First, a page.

This is my 1 year long exposure of the sun rising and setting each day. This is solar astrophotography at its most basic, photography at its most basic and its most dramatic. What better way top represent the tilt of the Earth through the year and causing the seasons.

With this image, you are in it for the long game, or as long as you want really dependant on what results you want. I must admit when I first put this up last July 2020, I was tempted to take down after a few weeks to have a look –  I’m glad I waited. Taken using a Solarcan, a 1 year exposure using a pinhole camera up on the roof facing south, exposed to the elements, the sun burning into the light sensitive film to create a path across the sky. Burning a path at least when its not cloudy, which you can see happening in the image when there are gaps in the light. The sun rising in the east and setting in the west, highest in the sky at midday as so dramatically shown on each line on the curve.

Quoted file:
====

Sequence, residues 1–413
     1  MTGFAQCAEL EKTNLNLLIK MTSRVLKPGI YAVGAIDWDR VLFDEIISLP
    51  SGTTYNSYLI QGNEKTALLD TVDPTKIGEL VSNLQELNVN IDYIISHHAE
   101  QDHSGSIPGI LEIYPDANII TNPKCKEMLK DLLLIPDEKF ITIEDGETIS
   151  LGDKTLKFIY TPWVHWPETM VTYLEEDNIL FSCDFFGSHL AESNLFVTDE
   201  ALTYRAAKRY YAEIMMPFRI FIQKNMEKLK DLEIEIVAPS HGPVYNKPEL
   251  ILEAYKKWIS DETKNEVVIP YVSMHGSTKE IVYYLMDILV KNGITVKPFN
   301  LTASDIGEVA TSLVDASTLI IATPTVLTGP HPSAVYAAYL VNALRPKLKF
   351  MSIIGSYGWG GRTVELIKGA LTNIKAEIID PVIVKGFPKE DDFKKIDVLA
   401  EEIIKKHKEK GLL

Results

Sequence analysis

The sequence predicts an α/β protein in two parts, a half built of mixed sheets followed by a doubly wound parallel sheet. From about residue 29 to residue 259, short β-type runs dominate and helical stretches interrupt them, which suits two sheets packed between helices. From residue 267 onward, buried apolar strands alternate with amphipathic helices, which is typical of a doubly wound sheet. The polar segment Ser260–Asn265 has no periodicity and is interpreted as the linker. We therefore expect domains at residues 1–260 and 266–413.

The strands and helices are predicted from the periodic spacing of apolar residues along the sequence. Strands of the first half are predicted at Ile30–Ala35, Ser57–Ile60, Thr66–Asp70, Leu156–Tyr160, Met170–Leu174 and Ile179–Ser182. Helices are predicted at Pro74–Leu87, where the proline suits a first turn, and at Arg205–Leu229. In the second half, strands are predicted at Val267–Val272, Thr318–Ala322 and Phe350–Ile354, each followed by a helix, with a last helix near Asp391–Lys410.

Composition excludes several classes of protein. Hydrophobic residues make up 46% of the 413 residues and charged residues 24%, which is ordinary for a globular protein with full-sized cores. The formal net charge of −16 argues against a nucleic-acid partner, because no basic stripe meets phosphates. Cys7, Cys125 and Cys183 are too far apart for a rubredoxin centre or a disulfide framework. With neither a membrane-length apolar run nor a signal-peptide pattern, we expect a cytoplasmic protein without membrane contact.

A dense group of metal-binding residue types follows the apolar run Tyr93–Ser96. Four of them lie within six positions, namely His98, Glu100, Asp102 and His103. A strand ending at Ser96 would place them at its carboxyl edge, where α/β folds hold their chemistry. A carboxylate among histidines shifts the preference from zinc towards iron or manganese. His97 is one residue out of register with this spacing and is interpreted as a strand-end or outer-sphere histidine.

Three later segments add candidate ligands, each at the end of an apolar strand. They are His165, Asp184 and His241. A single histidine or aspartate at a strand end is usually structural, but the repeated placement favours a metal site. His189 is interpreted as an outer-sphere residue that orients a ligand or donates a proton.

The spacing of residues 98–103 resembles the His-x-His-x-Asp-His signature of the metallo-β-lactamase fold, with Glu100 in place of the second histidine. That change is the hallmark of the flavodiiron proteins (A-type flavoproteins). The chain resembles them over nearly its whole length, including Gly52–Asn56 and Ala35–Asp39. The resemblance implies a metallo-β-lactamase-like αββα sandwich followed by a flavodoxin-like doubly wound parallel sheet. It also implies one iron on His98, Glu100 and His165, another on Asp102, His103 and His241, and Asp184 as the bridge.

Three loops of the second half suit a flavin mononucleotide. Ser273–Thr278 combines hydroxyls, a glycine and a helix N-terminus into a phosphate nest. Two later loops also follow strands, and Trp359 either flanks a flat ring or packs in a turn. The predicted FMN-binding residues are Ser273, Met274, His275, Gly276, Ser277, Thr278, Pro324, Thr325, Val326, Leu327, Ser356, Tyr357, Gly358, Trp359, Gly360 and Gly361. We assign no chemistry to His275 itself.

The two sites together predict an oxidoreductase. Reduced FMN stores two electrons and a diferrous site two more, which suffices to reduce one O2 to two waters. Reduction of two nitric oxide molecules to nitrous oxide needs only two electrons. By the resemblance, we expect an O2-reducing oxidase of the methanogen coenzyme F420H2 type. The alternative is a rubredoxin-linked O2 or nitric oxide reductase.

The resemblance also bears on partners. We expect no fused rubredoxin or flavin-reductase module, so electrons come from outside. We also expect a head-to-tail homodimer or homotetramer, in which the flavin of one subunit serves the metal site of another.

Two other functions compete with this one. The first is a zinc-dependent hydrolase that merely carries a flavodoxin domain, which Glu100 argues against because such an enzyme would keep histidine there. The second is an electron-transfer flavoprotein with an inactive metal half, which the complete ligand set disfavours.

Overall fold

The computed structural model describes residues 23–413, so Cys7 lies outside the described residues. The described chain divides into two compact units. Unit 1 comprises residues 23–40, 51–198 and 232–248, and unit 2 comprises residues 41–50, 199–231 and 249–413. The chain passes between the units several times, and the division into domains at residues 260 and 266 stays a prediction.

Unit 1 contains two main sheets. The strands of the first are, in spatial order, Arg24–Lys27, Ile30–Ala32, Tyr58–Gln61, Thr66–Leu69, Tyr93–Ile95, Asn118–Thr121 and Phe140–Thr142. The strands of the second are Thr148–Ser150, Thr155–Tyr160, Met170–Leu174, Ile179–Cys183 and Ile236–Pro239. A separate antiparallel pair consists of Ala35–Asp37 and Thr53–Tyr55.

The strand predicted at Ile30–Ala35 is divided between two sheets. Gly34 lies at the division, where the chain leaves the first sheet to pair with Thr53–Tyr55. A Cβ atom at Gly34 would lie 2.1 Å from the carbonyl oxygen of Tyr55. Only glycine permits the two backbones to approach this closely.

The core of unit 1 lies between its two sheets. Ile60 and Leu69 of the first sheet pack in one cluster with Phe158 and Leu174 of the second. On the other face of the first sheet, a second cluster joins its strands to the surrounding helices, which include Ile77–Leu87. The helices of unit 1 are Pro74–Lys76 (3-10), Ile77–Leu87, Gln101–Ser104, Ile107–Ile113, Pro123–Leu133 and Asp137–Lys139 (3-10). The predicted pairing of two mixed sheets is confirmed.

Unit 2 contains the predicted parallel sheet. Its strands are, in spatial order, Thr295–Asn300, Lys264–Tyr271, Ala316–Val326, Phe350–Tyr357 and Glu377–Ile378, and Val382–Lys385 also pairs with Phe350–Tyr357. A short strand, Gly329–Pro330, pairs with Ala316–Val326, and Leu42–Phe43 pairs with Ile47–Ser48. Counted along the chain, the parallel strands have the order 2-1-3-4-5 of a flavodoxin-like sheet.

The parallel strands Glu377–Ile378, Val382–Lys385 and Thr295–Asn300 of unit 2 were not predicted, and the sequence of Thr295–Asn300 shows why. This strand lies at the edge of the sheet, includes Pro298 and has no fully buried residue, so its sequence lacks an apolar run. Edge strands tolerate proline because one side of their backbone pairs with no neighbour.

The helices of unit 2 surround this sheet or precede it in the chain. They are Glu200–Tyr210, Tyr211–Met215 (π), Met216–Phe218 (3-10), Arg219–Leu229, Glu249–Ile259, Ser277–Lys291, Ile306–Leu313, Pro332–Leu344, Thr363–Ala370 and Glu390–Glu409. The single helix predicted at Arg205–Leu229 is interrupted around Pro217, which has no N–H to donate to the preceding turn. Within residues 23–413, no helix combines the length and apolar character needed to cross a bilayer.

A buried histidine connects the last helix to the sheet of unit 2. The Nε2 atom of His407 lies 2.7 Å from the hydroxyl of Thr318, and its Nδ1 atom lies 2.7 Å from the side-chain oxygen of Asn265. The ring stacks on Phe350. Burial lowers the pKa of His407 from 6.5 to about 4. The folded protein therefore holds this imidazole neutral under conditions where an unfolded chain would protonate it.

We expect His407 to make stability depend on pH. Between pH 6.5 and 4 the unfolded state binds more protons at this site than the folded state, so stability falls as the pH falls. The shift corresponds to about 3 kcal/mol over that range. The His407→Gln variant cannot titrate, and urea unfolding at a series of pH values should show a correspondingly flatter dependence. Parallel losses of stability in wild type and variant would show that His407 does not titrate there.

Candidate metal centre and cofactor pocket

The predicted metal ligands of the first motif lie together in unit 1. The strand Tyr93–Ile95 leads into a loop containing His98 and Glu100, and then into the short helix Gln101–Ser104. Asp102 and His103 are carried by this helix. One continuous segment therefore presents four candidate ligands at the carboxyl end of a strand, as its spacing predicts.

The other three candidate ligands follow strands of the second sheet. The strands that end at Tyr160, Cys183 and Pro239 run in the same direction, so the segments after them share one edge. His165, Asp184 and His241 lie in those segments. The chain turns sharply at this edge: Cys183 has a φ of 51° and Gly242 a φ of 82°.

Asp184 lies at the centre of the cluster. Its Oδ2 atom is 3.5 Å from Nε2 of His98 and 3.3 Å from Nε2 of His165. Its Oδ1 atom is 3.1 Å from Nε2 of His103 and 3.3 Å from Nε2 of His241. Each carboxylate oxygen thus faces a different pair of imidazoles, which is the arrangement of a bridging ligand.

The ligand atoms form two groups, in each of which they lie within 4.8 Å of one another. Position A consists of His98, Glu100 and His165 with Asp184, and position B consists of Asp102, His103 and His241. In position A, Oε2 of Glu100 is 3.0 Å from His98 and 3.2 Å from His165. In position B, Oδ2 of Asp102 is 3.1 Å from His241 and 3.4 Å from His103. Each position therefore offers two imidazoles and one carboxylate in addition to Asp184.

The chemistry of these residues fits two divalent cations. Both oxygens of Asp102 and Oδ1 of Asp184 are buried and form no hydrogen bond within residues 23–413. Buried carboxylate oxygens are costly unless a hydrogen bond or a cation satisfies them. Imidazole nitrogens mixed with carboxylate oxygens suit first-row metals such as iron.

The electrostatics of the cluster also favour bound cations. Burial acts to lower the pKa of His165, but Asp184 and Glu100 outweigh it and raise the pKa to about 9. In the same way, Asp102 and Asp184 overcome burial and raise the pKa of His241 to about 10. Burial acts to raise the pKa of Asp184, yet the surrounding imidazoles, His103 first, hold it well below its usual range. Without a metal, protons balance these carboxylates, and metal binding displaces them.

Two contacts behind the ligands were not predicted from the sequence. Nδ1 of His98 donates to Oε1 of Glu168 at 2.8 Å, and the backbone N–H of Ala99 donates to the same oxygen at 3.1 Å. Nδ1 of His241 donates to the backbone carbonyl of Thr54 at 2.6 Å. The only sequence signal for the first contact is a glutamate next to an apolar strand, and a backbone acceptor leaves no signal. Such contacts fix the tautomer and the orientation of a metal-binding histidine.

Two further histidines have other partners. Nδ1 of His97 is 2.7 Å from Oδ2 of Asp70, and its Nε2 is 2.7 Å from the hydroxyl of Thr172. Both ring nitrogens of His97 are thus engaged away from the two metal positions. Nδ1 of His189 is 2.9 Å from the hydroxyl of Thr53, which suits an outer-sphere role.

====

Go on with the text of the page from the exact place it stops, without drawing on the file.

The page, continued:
Solarcan 1 year exposure

Once you are ready to process, cover up the pinhole, retrieve the photographic film inside (in a darkened room), scan the image once (otherwise you’ll completely wash out your hard work of one year!), invert and adjust to suit. It really is that simple. The hardest part is deciding on the colours for your final image. The Solarcan is a simple and great idea which can give anybody stunning results. Looking forward the the next one.

Trying for different colours for processing
Author

Nick Cook. Amateur astronomer, space, history, nerd, extreme dog walker, cat slave, severe tinnitus sufferer. 13.7 billion years in the making - not that much better for it.

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